Tag Archives: Dustin Wong

This Week’s Essential Releases: Jazz-Funk, Electronic, Hardcore and More

7 essential

Welcome to Seven Essential Releases, our weekly roundup of the best music on Bandcamp. Each week, we’ll recommend six new albums that were released between last Friday and this Friday, plus pick an older LP from the stacks that you may have missed.

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Album of the Day: Dustin Wong + Takako Minekawa + Good Willsmith, “Exit Future Heart”

Tokyo-based duo Dustin Wong and Takako Minekawa were passing through Chicago while on tour last year, and decided to take a few hours to jam with the Windy City trio Good Willsmith (Natalie Chami—aka TALsounds—Doug Kaplan, and Maxwell Allison); the six tracks that comprise Exit Future Heart were improvised and recorded during that session. It would have been hard to predict in advance how things would have turned out: Both acts tend to approach their mostly-electronic compositions playfully, with Wong and Minekawa favoring to regular patterns and cute melodies, and Good Willsmith opting for the abstract, their improvised free-for-alls ping-ponging all over the place, full of delirious mischief. Combined, they could have easily amplified one another’s kookier aspects and ended up with something both overstimulated and overstimulating.

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The Transcendent Sound of Dustin Wong and Takako Minekawa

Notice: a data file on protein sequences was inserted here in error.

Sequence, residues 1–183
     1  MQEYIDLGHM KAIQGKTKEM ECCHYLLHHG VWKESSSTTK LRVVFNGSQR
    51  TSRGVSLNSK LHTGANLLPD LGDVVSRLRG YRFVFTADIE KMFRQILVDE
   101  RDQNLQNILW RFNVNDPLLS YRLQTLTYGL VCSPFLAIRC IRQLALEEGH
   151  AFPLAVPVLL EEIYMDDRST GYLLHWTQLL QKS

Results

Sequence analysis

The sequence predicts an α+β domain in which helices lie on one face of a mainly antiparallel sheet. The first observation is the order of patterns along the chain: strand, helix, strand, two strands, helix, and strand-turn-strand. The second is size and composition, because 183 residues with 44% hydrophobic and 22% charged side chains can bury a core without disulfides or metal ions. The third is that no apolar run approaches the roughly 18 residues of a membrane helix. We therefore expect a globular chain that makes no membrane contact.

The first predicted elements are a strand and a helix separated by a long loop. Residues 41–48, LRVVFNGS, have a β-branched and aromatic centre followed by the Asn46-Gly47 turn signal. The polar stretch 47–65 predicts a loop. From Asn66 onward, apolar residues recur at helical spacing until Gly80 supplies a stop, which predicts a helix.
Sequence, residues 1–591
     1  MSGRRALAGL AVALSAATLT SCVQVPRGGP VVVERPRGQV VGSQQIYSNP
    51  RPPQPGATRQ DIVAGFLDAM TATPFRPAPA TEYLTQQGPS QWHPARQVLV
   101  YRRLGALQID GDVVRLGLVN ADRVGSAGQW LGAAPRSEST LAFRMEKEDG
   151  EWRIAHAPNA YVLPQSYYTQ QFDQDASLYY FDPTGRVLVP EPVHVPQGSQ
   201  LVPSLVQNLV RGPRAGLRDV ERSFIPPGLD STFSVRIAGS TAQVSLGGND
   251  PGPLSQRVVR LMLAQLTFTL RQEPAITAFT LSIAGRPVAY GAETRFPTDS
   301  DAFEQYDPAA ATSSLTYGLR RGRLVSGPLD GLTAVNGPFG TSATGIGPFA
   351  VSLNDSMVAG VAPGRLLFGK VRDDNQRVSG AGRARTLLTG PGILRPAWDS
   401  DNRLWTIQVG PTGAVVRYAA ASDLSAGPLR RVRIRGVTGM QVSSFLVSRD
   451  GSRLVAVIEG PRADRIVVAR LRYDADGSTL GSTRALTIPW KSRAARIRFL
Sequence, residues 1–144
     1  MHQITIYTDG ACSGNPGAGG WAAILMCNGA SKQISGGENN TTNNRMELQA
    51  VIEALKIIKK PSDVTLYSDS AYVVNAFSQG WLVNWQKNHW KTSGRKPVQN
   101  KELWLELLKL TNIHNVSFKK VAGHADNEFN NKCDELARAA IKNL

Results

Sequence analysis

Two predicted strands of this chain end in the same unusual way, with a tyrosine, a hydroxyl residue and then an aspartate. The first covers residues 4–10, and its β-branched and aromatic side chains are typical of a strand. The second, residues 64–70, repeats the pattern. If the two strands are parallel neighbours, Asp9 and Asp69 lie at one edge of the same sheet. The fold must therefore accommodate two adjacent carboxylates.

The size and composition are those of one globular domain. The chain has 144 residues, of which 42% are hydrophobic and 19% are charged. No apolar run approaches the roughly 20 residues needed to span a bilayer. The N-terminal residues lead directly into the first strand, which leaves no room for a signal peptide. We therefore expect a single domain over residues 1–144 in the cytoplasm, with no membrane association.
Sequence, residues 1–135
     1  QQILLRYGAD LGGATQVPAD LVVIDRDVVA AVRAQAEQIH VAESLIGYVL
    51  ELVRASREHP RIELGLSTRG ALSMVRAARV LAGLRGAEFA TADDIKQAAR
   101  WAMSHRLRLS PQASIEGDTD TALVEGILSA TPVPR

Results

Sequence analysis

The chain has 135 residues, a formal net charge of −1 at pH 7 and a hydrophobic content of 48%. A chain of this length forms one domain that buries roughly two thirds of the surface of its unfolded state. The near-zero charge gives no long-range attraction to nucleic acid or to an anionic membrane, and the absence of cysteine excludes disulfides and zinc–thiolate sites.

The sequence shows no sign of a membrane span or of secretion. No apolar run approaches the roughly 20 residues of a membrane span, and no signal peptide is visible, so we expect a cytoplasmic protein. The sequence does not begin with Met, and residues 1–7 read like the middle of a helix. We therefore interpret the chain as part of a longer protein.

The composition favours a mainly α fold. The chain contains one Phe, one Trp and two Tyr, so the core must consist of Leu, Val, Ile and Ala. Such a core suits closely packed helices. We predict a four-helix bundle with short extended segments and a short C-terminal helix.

Dustin Wong Takako Minekawa

Photo by Hiromi Shinada.

To speak with Dustin Wong and Takako Minekawa is to speak with one person. Part of this is because Wong does most of Minekawa’s Japanese-to-English translations—aside from the occasional interjection or giggle—but there also seems to be a high level of psychic understanding between them, a characteristic that permeates Are Euphoria, their third record as a duo.

While their first two albums—2013’s Toropical Circle and 2014’s Savage Imagination—are both strong, Are Euphoria takes the duo a step above. Perhaps it’s the three-year gap that led them to this enlightened place, or maybe there’s a new level of comfortability that didn’t exist as strongly prior to Euphoria. Either way, Wong and Minekawa have created one of the year’s best experimental albums, mixing pop sensibilities with rhythmic loops and kinetic percussion.

Soon, they’ll be bringing their tour to the U.S., showcasing these songs for an entirely new audience. Not surprisingly, there are broad cultural gaps between the DIY scenes in Japan and the U.S., yet Wong and Minekawa find merits in both. In Japan, Wong says, “they’re more respectful. But in America, they can show their feelings to you. You quickly understand whether they like you or not.” It’s hard to imagine too many American audiences disliking Wong and Minekawa, though. From their home in Tokyo, the duo spoke about their creative evolution, why performing in their home country can be lonely, and how collaboration begets sonic transformations.

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